126. Too much ears cannot be given to the selection of glass for photographic me. It should be flat, clean, and free from scratches, hubbles, and rust Fortunately, it is not difficult to find such in the market; so that about the only room there is for care, is in seeing that the plates are perfectly dean before they are coated with collodion or immersed in the bath. There are various ways of securing this - one being by the exercise of manual labor, and the other by the employment of a preliminary coating of albumen.

127. The use of the albumen substratum is now the most general. It

126. For cleaning glass and bottles, the best I have ever found is, viz.:

Saturated Solution of Bichromate of Potash, ..............................

2 ounces.

Hydrochloric Acid.......................................................................

1 ounce.

Water.....................................................................................................

5 ounces.

Let the glass or bottles remain in this twenty - four hours, or until clean; wash well, and I guarantee you will have clean glass; even old varnished negatives, or anything, it will clean them. - W.B.Critchfield.

The task of bringing glass plates to a condition of perfect cleanness is a well-recognized nuisance in photography, and anything which alleviates it will doubtless be received with satisfaction. None of the methods now in use seem to give satisfactory results without much trouble. It is otherwise with that which I am about to describe, and I think I may say that no one who tries it will ever employ any other. A convenient and large porcelain tray is to be appropriated to this purpose. In it is placed the following solution:

Sulphuric Acid............................................................................................

1 ounce.

Bichromate of Potash....................................................................................

1ounce

Water............

1 pint.

preparing a sufficient quantity to cover as many glasses as are to be cleaned. Glasses left in this solution over night (expect in very obstinate cases, which may require a little longer treatment) will generally be found to require only rinsing off, or at most a gentle rubbing, to be perfectly clean. Grease - spots, obstinate stains, remains of old collodion, and all the other troubles, lose their hold, and the task of cleaning loses, almost all its trouble. - M.Carey Lea.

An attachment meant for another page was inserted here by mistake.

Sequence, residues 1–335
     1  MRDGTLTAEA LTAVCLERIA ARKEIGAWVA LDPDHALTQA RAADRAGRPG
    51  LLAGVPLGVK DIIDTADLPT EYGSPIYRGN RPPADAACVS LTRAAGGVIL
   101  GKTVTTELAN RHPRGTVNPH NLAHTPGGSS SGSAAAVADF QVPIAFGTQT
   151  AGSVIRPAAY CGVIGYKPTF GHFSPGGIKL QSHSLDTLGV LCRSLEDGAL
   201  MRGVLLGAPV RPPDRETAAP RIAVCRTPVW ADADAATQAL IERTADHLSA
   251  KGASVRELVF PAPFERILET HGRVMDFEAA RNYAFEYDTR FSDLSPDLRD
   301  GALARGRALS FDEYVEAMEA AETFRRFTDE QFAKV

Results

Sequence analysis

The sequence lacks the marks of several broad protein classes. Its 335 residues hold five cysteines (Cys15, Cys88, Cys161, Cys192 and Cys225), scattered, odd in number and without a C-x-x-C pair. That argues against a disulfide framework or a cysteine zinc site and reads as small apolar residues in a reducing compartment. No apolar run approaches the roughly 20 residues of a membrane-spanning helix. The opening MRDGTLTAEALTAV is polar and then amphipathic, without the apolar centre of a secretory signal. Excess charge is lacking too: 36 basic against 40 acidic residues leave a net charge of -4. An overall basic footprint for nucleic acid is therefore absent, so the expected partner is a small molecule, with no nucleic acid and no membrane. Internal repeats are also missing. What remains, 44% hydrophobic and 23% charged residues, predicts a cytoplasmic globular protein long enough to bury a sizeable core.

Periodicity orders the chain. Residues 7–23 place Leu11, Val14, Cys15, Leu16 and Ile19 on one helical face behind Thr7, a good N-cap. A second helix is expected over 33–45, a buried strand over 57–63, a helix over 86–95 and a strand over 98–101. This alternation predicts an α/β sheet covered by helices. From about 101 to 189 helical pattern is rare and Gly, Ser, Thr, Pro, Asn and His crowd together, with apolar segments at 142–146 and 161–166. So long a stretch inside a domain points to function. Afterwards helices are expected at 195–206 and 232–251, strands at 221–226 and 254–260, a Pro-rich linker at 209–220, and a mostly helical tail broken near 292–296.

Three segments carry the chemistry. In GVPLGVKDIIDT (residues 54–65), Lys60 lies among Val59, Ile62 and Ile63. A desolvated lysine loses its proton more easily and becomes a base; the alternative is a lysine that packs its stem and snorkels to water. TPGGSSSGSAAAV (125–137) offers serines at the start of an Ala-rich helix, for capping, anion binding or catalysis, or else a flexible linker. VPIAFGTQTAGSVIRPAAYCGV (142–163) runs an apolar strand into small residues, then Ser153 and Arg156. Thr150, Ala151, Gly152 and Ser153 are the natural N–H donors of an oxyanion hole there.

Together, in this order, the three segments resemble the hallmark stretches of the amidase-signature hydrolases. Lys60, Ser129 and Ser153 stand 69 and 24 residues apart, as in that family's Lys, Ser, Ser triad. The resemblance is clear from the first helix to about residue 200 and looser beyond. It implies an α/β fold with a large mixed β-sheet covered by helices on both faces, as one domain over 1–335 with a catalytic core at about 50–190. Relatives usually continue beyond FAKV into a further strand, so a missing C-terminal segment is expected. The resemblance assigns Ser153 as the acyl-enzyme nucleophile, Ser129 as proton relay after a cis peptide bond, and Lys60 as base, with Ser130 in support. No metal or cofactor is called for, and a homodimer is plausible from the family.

127. To bring the albumen into a suitable condition,and preserve it ready for use,is the problem to be solved. This is accomplished in the simplest manner possible: Take a wide-mouth bottle of the capacity, say, of sixteen fluid ounces (provided with a well-fitting cork), is the easiest and the surest. It is less liable to cause failure, provided fresh eggs be used and the directions given are followed. Previous to any other treatment, the plates should be roughened on the edges and corners by means of a file or by emery-paper, or by drawing the edges of the plates together. This saves the fingers from injury. Now im-merse the plates in a pan of strong concentrated-lye solution, or commercial nitric arid, a couple of hours - he former if the plates are old, the latter if new - then well wash them and, while wet, flow the most concave surface with the albumen solution.

128. We are ready now to proceed with the manipulations, and, as we make the trial, let us ever remember that care, coolness, cleanliness, thought-fulness, and a sincere desire to secure good results are of absolute importance. If one does not want to do a thing well, one is apt to have sorry success. Photography needs all the desire and heart you can put into it, for chemicals are obstreperous, the elements are fickle, and constant changes need that you should always be on the alert.

and into it pour the whites of a dozen fresh eggs. Take a lump of camphor gum of the size of a hickory-nut, and inclose it in a bag of thin muslin, formed by puckering the muslin together over the camphor. Tie the bag around the neck with twine, which pass through a hole (previously perforated through the centre of the cork) from the under side; draw up closely, and fasten in place by a knot above. If the albumen is to be used for the substratum of negatives, I add one or two drachms of strong ammonia. Cork the bottle, and let stand about a week, when the albumen will be ready to be used from as required. Dilute as usual. In this way a year's supply may be put up when eggs are plenty and prime. If the albumen is to be used in a preservative or organifier for dry plates, the ammonia must be omitted. - W. H. Sherman.

In the Photographic Times, September, 1875. is a receipt as follows:

Albumen.....................................

1 ounce.

Water.......................................

8 ounces.

Ammonia..........................................

1 1/2 ,,

Iodide of Potassium..............................

30 grains.

Bromide of Potassium......................

15 ,,

Shake well, then fill up stock-bottle with water, eight ounces. This is worth gold. I forget the author's name. - E. T. Whitney.

128. For negatives, the artist needs for good work glass of ordinary strength and thickness, and free from waves and blisters. Perfection of clearness is only to be obtained in the finest plate-glass, but as it costs four or five times as much as good sheet - glass, it is hut seldom used by our photographers. We know one who used it, who afterwards substituted successfully a very superior article of clear and light-colored glass, called the "Berkshire Crystal Sheet," made from the beautiful white sand of the Berkshire Hills in Massachusetts. American glass - makers have, of late years, greatly improved their quality in regard to color, clearness, good annealing, and consequent strength and toughness. - Thomas Graffield.